Italy, like we already said in the past, has a richness of wine grape varieties like no other country in the world. Every region has indigenous varieties identifying their respective territories, many of them are of great enological interest and they are found in many regions of Italy. A success that, in many cases, is not limited to the Italian territory only and many of them have been successful in catching the interest of producers in other countries as well. The richness of wine grape varieties of France certainly is more limited when compared to Italy, however many of these grapes have become famous and successful all over the world, Italy included. Many French varieties have undeniably contributed to the relaunching of Italian enology, progressively becoming more and more common in the vineyards of Italy to the detriment of indigenous grapes of the Italian regions.

 They are, of course, two countries being at the absolute top of worldwide enology, both for the varieties of their respective grapes and wines. This month we are going to compare two varieties very different one from each other, belonging to these two countries - Italy and France - from which are produced different wines. Both varieties, it should be said, are not exactly famous grapes, however their wines are always characterized by the remarkable personality capable of making them unique in the wine scene. From Piedmont, in fact, we are going to taste Pelaverga, a red berried grape typical in the Saluzzo area and, in particular, famous for wines from Verduno, both in province of Cuneo. The grape from Piedmont will be compared to a French variety - from Bordeaux, to be precise - once quite popular and used for the famous wines of this territory, now clearly destined to a more marginal role.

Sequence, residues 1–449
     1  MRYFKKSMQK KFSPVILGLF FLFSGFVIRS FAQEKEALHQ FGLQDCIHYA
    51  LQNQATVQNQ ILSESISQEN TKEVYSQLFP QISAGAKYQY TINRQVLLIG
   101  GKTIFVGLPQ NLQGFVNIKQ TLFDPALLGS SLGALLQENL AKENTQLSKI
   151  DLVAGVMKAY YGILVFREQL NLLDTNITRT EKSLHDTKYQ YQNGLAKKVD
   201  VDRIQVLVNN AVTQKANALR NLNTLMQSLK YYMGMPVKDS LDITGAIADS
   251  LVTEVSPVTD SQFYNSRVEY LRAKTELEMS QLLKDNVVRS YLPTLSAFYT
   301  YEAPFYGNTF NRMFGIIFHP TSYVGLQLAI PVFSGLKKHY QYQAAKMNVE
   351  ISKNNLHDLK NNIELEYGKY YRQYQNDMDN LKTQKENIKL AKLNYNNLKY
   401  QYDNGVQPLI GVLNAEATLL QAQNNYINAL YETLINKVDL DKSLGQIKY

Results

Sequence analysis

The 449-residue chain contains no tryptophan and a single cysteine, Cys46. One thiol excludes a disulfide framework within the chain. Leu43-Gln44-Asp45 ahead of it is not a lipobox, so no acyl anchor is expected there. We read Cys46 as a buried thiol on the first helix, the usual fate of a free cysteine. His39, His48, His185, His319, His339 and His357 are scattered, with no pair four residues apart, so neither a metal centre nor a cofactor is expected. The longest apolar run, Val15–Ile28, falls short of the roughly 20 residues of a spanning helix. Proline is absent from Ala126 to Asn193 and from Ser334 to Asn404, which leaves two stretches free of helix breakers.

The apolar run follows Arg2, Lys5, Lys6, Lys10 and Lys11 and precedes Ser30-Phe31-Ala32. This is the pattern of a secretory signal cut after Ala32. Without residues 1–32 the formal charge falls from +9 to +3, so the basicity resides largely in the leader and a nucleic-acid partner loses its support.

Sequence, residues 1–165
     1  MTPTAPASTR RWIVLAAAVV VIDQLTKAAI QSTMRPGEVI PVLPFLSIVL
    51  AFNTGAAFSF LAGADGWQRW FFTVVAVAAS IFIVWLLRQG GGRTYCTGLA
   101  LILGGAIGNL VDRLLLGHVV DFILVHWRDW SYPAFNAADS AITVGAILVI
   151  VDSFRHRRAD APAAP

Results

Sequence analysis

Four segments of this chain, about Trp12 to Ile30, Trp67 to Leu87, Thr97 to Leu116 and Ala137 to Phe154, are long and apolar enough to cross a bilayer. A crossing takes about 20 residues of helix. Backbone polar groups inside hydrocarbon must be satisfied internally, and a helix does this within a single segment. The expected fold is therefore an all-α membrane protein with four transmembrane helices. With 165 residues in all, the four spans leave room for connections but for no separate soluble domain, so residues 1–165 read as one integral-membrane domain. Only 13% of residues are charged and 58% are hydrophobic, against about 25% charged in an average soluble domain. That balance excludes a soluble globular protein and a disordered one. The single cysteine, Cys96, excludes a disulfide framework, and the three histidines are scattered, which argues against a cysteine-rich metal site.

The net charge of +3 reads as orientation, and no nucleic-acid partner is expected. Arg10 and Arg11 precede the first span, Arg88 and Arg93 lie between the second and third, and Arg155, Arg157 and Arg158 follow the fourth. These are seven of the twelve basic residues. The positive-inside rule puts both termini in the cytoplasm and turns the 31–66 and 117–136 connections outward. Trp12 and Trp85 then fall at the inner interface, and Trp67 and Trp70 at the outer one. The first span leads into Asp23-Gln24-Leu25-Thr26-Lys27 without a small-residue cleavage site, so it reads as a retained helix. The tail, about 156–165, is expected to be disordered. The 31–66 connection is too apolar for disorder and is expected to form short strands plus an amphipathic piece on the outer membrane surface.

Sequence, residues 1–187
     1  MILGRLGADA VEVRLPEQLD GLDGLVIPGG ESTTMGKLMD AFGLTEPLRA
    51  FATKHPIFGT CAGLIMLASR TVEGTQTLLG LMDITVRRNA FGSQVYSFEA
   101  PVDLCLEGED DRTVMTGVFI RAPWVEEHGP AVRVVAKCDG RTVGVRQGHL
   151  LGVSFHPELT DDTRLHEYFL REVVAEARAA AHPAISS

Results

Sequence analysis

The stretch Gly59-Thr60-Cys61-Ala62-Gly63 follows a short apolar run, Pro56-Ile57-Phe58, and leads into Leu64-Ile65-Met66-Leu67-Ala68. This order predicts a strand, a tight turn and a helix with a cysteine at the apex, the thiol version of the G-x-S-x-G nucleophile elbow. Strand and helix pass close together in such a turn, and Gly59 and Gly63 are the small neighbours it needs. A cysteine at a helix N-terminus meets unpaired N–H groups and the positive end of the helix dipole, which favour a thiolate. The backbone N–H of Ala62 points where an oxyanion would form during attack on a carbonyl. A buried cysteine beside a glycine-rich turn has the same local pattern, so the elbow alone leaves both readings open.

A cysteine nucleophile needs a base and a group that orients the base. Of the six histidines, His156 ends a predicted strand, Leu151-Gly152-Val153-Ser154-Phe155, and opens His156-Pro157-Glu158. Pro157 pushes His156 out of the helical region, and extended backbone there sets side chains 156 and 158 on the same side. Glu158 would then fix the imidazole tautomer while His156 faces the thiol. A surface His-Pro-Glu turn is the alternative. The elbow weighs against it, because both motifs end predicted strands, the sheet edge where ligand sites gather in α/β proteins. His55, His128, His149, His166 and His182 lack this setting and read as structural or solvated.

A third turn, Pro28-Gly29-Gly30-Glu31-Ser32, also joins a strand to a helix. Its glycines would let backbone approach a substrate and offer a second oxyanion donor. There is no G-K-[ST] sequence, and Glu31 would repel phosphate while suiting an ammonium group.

Pelaverga


 

 A variety of uncertain origins, Pelaverga is known to be found in Piedmont since a very long time and, in particular, in the territory of Saluzzo, in province of Cuneo. The enological journey of Pelaverga starts in relatively recent times as this variety was in the past usually used for the consumption as a fruit. Today Pelaverga is mainly used for the production of wines, which are getting a quite good success, in particular those produced in the territory of Verduno. Talking about Pelaverga we need to clarify the fact there actually are two grapes having this name. Pelaverga, typical in the area of Saluzzo, and Pelaverga Piccolo (Small Pelaverga) mainly cultivated in Verduno. These two varieties, although sharing the same name, actually are two distinct varieties and have nothing in common, despite they make wines with pretty similar organoleptic qualities.

 It should be said, for a long time it was believed the Pelaverga varieties of Saluzzo and Verduno were the same, probably because of the similar characteristics of their wines. Recent researches done on both varieties have allowed finding out they are indeed distinct grapes and having no genetic connection. The result of this research has therefore forced the differentiation of the two grapes, by distinguishing the variety cultivated in Verduno with Pelaverga Piccolo name. In both cases, wines produced with these grapes have a pleasing and evident spicy note in which is perceived white pepper, in particular those made in Verduno. Pelaverga makes wines of moderate body and with an evident transparency, with an aromatic profile rich in red fruits and flowers, as well as a moderate crispness and astringency. Characteristics that, with the help of the enological techniques used with this grape, make of Pelaverga an immediate and pleasing wine which is usually best to drink it in its youth.

 

Petit Verdot